• Polynesians fished and farmed
  • In Melanesia, people lived on coast so they could

Australia, New Zealand, and Antarctica
  • Australia, New Zealand, and Antarctic made up the
    last region to be explored by Europeans
  • 1788, Great Britain founded Sydney, Australia as
    a penal colony (a place to send prisoners)
  • Sydney is located on a deep, beautiful harbor
    that allows for a port and also provides an arena
    for sailing and swimming
  • Mild climate
  • Diverse population

History Distant European Outposts
  • The original inhabitants
  • Australia
  • Aboriginal people migrated to Australia from Asia
    40,000 years ago, made 500 groups, speaking 200
  • Complex religious belief and social structures
    but simple economy based on hunting and gathering
  • New Zealand
  • Maori migrated from Polynesia more than 1000
    years ago

Early Explorers
  • Captain James Cook of Britain was the first to
    explore New Zealand in 1769 and Australia in 1770

European Settlement
  • Australia
  • 1788 Britain colonized Australia
  • Place for prisoners
  • Pacific navel bases
  • In Australia, Europeans had violent conflicts
    with native people and killed many and gave them
    deadly diseases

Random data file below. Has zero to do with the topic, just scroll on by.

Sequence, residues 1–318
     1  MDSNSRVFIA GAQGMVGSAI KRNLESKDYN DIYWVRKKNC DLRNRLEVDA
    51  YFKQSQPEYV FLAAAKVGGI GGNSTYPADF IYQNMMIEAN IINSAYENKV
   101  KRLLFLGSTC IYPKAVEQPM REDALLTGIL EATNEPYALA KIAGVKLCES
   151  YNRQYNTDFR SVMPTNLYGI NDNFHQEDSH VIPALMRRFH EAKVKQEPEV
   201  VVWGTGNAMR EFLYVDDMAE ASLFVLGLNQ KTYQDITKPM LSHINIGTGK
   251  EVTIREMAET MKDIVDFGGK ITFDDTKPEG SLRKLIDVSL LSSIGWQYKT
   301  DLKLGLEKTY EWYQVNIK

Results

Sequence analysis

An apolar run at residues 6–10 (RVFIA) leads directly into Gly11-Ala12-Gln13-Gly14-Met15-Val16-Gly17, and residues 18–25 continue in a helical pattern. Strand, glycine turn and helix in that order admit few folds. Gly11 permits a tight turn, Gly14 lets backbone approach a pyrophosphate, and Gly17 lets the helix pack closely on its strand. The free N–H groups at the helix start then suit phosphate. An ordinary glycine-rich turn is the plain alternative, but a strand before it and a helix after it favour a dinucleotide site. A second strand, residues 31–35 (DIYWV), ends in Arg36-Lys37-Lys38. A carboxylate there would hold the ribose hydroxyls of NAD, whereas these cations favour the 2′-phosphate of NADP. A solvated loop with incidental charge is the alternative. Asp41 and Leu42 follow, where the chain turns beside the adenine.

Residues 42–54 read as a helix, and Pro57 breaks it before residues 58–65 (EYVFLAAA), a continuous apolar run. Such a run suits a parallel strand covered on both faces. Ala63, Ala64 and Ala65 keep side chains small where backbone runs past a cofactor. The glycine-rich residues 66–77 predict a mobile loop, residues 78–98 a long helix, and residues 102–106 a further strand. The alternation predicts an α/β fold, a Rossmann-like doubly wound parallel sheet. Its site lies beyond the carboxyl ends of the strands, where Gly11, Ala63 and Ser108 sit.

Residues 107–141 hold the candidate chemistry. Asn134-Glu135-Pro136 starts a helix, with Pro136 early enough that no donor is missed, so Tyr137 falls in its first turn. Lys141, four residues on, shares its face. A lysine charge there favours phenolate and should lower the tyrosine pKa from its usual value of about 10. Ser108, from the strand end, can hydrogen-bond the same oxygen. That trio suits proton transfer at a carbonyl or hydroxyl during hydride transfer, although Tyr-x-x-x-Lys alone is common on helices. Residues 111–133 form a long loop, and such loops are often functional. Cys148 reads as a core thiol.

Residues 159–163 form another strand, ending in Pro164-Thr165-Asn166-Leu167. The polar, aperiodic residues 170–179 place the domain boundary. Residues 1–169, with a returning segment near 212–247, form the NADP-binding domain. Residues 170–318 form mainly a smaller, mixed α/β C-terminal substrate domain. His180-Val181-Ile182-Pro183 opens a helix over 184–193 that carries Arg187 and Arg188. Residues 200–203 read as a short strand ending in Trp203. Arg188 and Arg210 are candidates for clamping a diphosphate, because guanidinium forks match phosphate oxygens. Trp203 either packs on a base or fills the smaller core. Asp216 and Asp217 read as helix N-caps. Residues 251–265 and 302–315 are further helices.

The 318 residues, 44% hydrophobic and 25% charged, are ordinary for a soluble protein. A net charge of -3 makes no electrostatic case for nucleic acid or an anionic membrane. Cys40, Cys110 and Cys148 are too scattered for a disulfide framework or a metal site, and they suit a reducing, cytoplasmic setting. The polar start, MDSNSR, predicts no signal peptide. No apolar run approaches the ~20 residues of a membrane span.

• New Zealand
  • Colonized by hunter and whalers from Europe,
    America, and Australia
  • Treaty of Waitangi
  • Gave Britain control over New Zealand .
    Disagreement over treaty caused war between the
    Maori and British
  • Tens of thousands of Maoris died from diseases
  • Antarctica
  • Was not colonized because of its cold climate
  • Gold
  • Discovered in 1851 in Australia and 1861 in New
  • Hundreds of thousands of people moved here to
    strike it rich
  • Most never left

Modern Nations
  • Both Australia and New Zealand are both
    independent but remain part of the British
  • New Zealand became the first country to grant
    women the right to vote in 1893.
  • Both countries are attempting to improve the
    lives of the Aboriginal people and Maori by
    returning their former lands.

  • Antarctica is unsettled
  • 12 countries drafted treaty preserving continent
    for research
  • In 2000, 18 countries have sent scientists there
    for research

Economy Meat, Wool and Butter
  • Agriculture
  • Major exporter of farm products
  • Butter, cheese, meat, and wool
  • Ranching is big in New Zealand
  • Sheep ranching in Australia

Mining and Manufacturing
  • Mining